Inside Boris Johnson's Tory party: 'They're running this place like gangsters'
'They'll probably claim I harassed someone, or bullied my staffers to get me banned from the estate'
Conservative MPs say they felt bullied and pressured into voting for Boris Johnson on Monday evening, following a confidence vote on the prime minister's leadership.
Speaking to PoliticsJOE, backbench Conservative MPs said Downing Street was running parliament "like gangsters."
One complained that a fellow MP, who had been arrested on suspicion of rape and banned from the parliamentary estate was still allowed to vote in the ballot - a decision they believe was made because the member in question had shown loyalty to the PM.
"You could still vote in the no confidence ballot after allegedly drugging and raping someone but not if you accidentally watch porn in the Commons," one MP told me.
"It doesn't make any sense, and that's because it all boils down to loyalty."
One senior backbencher said he feared having the whip removed if the government found out his voting intention.
"They'll probably claim I harassed someone, or bullied my staffers to get me banned from the [parliamentary] estate," he said.
On Monday evening, concerns were raised by the executives of the 1922 committee after several MPs reported the Tory whips were asking members to photograph their ballot papers to prove they had voted in favour of the PM.
As a result, all mobile phones were confiscated from Conservative MPs in a bid to maintain privacy and democratic norms.
It's also understood that the chief whips had been offering incentives to rebel MPs in order to influence their ballot.
One MP told PoliticsJOE they had received messages from their whip asking "what do you want?" and "what's your price" - offering large handouts and opportunities to secure chunks of levelling up funding.
In a more public bid to secure votes, Johnson gave a speech at the 1922 committee where he promised Conservative MPs tax cuts and a victory at the next general if they stuck by him.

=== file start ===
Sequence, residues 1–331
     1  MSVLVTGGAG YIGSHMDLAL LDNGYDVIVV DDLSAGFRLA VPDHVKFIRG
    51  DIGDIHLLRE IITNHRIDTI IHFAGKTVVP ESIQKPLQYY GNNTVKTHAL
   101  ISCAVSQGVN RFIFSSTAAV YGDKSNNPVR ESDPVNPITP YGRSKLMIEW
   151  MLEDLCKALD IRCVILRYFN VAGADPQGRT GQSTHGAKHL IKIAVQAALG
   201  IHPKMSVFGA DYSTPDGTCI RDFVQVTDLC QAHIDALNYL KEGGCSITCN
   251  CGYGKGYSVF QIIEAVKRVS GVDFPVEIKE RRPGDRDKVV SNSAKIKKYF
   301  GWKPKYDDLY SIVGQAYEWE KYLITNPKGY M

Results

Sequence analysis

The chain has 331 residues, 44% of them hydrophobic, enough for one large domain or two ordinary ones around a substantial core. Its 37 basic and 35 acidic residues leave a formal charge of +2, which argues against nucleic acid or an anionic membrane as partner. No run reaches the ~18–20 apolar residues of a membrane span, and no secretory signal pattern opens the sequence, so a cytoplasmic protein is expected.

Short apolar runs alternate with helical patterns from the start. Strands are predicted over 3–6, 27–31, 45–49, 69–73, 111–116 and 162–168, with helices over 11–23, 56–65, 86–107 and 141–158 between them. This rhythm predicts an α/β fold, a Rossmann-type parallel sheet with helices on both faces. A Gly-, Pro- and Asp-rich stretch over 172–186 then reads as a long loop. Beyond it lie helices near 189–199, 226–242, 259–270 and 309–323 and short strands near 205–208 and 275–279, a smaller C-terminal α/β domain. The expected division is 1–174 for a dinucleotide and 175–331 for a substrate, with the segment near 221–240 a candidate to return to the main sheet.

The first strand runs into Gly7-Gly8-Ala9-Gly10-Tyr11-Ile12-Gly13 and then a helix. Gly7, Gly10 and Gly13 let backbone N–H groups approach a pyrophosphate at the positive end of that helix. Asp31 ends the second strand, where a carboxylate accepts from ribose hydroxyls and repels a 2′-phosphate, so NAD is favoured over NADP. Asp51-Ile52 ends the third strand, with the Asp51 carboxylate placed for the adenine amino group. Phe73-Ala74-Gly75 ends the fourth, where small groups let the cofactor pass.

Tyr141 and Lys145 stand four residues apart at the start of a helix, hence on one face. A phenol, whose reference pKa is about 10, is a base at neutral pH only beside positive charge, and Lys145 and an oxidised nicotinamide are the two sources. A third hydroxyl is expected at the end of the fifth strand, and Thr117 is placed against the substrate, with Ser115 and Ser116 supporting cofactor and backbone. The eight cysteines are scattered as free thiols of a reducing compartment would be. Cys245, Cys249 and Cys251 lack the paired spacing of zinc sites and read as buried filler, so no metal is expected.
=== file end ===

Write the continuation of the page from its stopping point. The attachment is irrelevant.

This was later reflected in a letter to constituents written by Conservative MP for the Isle of Wight Bob Seely, who said the promise of funding had in part swayed his decision to vote confidence in the prime minister.
"I talked again with ministers about why a fair funding package has not yet been forthcoming for the Isle of Wight Council," he wrote.
"I have been assured they will look at this again and will do so in the very near future, ahead of the ongoing review of local government finance".
Boris Johnson narrowly survived the vote of no confidence in his leadership, meaning he will continue on as Prime Minister and party leader.
211 Tory MPs voted to keep Johnson in place following weeks of partygate-related political turmoil, with 148 against, a narrow margin that showed 41 per cent of his own MPs no longer had confidence in his leadership.
The process had been triggered after more than 54 MPs, or 15 per cent of the parliamentary party, sent letters withdrawing their support to Sir Graham Brady, chair of the 1922 committee which represents backbench Conservatives.
While the current rules mean the Prime Minister is safe from a future leadership challenge for the next 12 months, former defence minister and backbench rebel Tobias Ellwood told Sky News on Tuesday morning that the 1922 committee are looking at amending the party rules.
If that happens, the PM could face a fresh confidence vote within the next year.
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